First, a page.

A host of justice-centered efforts to transform education and expand learning opportunities for all students were showcased during the University of Washington College of Education’s most recent EduTalks event, “Tipping Points: Leveraging Change in Education.”
The event, which took place Feb. 27 at the Burke Museum, featured talks by UW researchers and local education leaders highlighting work with significant potential to improve young people’s educational experiences.
“The work our presenters shared speaks to the many ways the UW College of Education is working to ensure every child can engage in learning that opens boundless opportunity,” said Dean Mia Tuan. “We are honored to partner with countless educators, schools and communities in this work to create better futures for our young people.”
Watch each of the EduTalks, along with the event’s closing reading, below.
"The messy, but necessary, work of identity caucusing in learning to teach"
Anne Beitlers, senior lecturer and director of the UW’s Secondary Teacher Education Program, shares how a process known as caucusing is strengthening future teachers’ understanding of who they are and how their own identities around race, gender and sexuality intersect with the diverse identities of their students. Through caucusing, future teachers are equipped to better serve the rich diversity of kids they’ll be responsible for as teachers.
"Families as fellow leaders on the journey to educational justice"
Ann Ishimaru, associate professor, explains how addressing persistent racial inequities in education can be achieved by creating more equitable forms of collaboration among non-dominant families, communities and schools.
"Can big data help foster a more culturally responsive teaching workforce?"
Associate Professor Min Sun and Clover Codd (MIT ‘99), chief human resources officer for Seattle Public Schools, discuss a partnership that’s using data to strengthen supports for a more diverse and culturally responsive teaching workforce.
"Elementary science's metamorphosis toward educational justice"
Jessica Thompson, associate professor, details her work with Seattle Public Schools to fundamentally change how science is taught and learned, with a focus on better serving culturally and linguistically diverse students who have historically been underserved by science.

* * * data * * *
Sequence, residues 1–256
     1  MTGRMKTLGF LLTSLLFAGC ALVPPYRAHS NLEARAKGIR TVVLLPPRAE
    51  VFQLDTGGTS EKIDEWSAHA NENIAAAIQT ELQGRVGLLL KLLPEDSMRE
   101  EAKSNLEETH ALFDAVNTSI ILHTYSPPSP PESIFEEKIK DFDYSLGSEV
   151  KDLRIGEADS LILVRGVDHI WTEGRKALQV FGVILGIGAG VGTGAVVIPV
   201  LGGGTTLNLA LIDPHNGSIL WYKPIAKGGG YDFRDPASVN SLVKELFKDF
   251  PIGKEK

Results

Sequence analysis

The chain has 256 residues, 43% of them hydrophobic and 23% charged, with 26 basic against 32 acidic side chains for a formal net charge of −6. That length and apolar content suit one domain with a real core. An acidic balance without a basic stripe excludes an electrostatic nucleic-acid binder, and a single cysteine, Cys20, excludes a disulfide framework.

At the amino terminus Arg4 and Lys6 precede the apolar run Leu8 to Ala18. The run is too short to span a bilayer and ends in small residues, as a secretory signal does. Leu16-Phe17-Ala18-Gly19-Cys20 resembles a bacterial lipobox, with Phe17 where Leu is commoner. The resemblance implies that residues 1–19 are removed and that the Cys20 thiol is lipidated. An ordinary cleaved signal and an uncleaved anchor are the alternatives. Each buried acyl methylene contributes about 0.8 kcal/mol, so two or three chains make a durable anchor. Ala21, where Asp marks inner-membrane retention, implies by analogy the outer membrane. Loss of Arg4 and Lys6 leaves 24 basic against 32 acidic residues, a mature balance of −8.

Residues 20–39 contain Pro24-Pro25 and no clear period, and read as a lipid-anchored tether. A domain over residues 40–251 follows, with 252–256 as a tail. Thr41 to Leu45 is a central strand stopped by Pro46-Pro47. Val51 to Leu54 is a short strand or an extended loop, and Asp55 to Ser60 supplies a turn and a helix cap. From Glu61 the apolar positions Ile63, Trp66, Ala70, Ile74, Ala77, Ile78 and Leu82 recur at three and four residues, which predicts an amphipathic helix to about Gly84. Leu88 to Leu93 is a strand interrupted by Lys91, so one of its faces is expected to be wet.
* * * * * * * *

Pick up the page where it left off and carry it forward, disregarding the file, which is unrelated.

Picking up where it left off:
"Caring for our caregivers"
Associate Professor Kathleen Meeker discusses the importance of supporting the well being of early childhood professionals — many of whom are dealing with challenges such as food insecurity — so that they can help early learners get a strong and fair start.
"Principal as the turning point"
While the impact teachers make on learning is well-understood, there’s less appreciation for how principals can foster learning environments that empower students. Joanna Michelson, director of teacher leadership and learning at the UW Center for Educational Leadership, shares her work to help school leaders grow cultures of rigorous teaching, learning and leading.
"STEM education: Racism's canary in the coal mine"
STEM classrooms are usually thought of as race-neutral spaces, even though students of color often face dehumanizing experiences. Assistant Professor Niral Shah discusses how teachers and administrators can counteract racist narratives and create STEM learning experiences that recognize the full humanity of students of color.
"Climate Justice Education: A hopeful pathway towards a just and sustainable future"
Washington state’s ClimeTime effort supports teaching about climate science that helps young people see themselves as problem-solvers. Deb Morrison, a research scientist with the UW Institute for Science + Math Education who is helping lead the initiative, delves into the principles underlying ClimeTime and its work with thousands of educators across the state.
"Seventh generation decision making"
Denise Juneau, Seattle Public Schools superintendent, shares how the district is working to undo the legacy of racism and looking forward to doing justice for future generations of students.
“People in Profile”
Siamak Vossoughi, the College’s artist-in-residence, gives a reading from one of his short stories set in a school where students step into the shoes of significant human rights leaders of the past century — and put what they learn into practice.
The UW College of Education’s EduTalks series features nationally-recognized researchers who partner with schools, communities and organizations to address the most pressing issues in education. Watch previous EduTalks online.
Dustin Wunderlich, Director of Marketing and Communications